(15 November 2003)
Leona Naess was born in New York, the daughter of millionaire shipping
magnate Arne Naess, and was raised in London. At 18 she left the
Purcell Music School and returned to New York. Now she divides her
time between New York and London (which she calls "home"). Oh,
and her step-mother is Diana Ross.
Her first album Comatised (released 14th August 2000)
was an intriguing CD from the sparse, monochrome cover of Leona
staring out almost challengingly through to the interesting,
varied and unpredictable music. Her voice was very expressive,
reflecting the beauty, anger or sorrow in the songs - and she
proved she could rock too. It was certainly one the debut albums
of 2000 with some electrifying moments and an energy and raw
edge to it that lifted it above the morass of major label
formulaic female singer/songwriters for whom production takes
priority over song writing and real emotion.
Expectations were high for what might follow - which was
I Tried To Rock But You Only Roll (released 9th October 2001). On the cover photo she has her eyes closed. This was a much more crafted, radio-friendly effort, but it lacked both the emotional and musical power of Comatised. So here, with the self-titled
Leona Naess, we are in 'difficult third album' territory.
The opening track of the self-titled album (Universal (USA)
B0000344-02, 2003) "Calling" has a catchy little intro followed
by uninspiring verse with some odd phrasing but a nice cello
line which opens into a beautiful chorus with a suitably
appropriate string arrangement - unfortunately the staccato
strings in the middle eight simple donít fit the mood of the
piece at all and sound very clumsy.
"Donít Use My Broken Heart" also begins encouragingly with
the line "Donít use my broken heart to pick up other girls" -
reflecting some difficult recent personal times, but again
melodically the verse doesnít cut it and itís the chorus -
this time very simple - that rescues the song.
The tempo's raised for "He's Gone" but the drumming is
incredibly unsubtle and the rhythm repetitive; it quickly
becomes irritating, At over four minutes, the song is too
long to sustain the musical ideas it contains.
"Star Signs" opens gently with just voice and guitar and
certainly has its moments - especially the middle 8 which has
a distinct Carole King feel to it. But in other parts it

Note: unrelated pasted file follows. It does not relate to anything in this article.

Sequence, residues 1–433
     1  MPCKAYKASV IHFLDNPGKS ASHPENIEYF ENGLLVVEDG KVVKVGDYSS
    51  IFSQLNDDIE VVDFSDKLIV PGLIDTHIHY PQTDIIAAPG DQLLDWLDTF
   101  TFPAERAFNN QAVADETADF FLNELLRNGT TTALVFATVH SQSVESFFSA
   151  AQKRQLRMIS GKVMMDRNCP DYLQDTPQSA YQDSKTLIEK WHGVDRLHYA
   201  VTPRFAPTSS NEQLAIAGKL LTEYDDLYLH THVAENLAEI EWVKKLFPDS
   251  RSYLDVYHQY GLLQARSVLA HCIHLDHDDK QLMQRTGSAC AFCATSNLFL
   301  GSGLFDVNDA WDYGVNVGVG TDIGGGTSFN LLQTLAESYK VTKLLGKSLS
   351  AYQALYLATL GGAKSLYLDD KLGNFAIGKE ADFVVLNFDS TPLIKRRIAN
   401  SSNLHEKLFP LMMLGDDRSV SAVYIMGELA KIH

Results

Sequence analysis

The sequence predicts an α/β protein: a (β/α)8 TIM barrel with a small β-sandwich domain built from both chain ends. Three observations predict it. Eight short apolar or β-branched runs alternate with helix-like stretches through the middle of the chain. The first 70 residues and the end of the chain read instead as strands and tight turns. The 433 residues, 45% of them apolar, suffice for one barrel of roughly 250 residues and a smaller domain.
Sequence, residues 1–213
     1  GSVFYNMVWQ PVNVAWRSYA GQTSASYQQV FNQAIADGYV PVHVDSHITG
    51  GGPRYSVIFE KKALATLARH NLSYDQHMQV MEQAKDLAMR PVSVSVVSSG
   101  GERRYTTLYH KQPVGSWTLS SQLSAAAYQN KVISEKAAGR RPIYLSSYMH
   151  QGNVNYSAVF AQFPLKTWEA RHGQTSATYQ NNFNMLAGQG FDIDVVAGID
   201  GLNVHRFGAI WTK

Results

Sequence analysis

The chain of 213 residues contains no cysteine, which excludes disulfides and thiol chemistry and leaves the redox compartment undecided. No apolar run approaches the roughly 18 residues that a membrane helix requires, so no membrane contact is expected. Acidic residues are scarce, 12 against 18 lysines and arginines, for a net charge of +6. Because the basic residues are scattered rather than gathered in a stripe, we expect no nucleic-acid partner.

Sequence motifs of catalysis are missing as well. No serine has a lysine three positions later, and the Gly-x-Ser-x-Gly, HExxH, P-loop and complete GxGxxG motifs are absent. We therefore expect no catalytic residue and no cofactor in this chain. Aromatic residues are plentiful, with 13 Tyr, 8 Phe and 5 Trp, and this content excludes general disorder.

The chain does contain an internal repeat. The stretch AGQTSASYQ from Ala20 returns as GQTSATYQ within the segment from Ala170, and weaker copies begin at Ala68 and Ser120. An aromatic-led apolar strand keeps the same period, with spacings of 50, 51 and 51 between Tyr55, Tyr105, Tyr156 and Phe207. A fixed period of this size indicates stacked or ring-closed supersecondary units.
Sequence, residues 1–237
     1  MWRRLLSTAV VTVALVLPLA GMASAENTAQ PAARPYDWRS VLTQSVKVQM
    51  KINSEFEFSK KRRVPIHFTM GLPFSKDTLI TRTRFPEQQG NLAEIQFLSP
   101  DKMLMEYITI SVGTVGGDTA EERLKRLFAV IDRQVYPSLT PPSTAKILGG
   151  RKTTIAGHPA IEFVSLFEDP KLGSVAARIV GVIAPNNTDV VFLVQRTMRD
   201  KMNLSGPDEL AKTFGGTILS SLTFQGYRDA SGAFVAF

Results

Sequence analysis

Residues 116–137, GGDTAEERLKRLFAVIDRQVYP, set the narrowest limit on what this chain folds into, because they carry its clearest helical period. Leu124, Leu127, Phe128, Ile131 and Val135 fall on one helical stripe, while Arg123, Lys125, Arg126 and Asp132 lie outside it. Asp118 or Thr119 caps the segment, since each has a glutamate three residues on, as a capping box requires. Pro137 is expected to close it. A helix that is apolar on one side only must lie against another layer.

reduces to two chords and two notes and you wonder just
what she's trying to do. "Ballerina" is just Leona's voice
and piano, which would be fine if the song was strong enough
- but it's not - it's repetitive and melodically unmemorable.
In "Dues To Pay" it is again the chorus that rescues the
piece from total anonymity, but it's always desperately
worrying when lyrics descend into a series of 'Baby, baby,
baby' and on this track she out-babies even Robert Plant!
"Yes It's Called Desire" is in 3 time and has a distinct
country tinge, but the tune is far too closely tied to the
chord pattern, simply following it up and down for the most
"How Sweet" again opens promisingly with Leona and guitar
and a melody that's unpredictable for perhaps the first time,
but lyrically it's not too sound: "Gonna build it right back,
to a castle not a shack, with the sun across my back," and
in places the lyrics are wedged into the tune. "Home" is
only the second upbeat song on the album - and as with "He's
Gone" the drumming does it no favours, though the song does
have a good feel to it.
"Christmas" is by far the best song on the album - guitar,
cello and voice and some sympathetic piano and vocal harmony
- this is also the track where the ubiquitous string quartet
is used to best effect. From the writing point of view, this
is probably the only song on this album that comes close to
the standard Leona set on Comatised. The closing track
"One Kind Of Love" isn't given a chance because it's got a
horribly cheesy string arrangement and the melody of the
repeated sung phrase at the end of the song is Bob Dylan's
"Mighty Quinn" virtually note for note Thereís one moment
in this song, just before the final assault, when it cuts
back to just Leonaís voice and guitar and you think 'Yes!
If only ...'
Playing Leona Naess back to back with Comatised is
a sobering experience. Thereís no energy at all in this album.
Leona's voice lacks spark and emotion and the vocal variety
she demonstrated on Comatised is reduced here to a
universal wistfulness. Some of the song writing, whilst
undoubtedly heartfelt, is barely up to high school
standard. The insipid, soporific, arrangements ensure that
whatever cutting edges there might has been have been rounded
off and polished till they glimmer beautifully.
The cover of the Leona Naess album is in full colour and
shows Leona holding a rose - the soft-focus photograph is cut
off at her nose so there are no eyes at all this time - the
photo could be of anyone. Just as the cover of Comatised reflected what was inside, sadly, so does this. Itís a bland, soft, smooth, corporate album. It will probably sell by the shed-load to the same people who bought the Norah Jones CD and this will no doubt be used by the record company to justify the fact that almost every trace of Leona Naess has been absorbed into this year's corporate notion of what an ideal female singer should sound like. I donít know if this should make us angry, sad or simply resigned - but whatever, it is an awful waste of talent.
If you enjoyed Come Away With Me then it will certainly be worth you seeking out the Leona Naess album. But if you like fine songwriting, spark, originality and female vocals that really connect, go and get
Comatised and just
pretend this album never happened.--Jamie Field
Read further reviews, listen to soundbites and order Leona Naess' self-titled album at amazon.com
The album is
not rated as highly as her earlier releases by our editorial
staff but should be explored further by die-hard fans.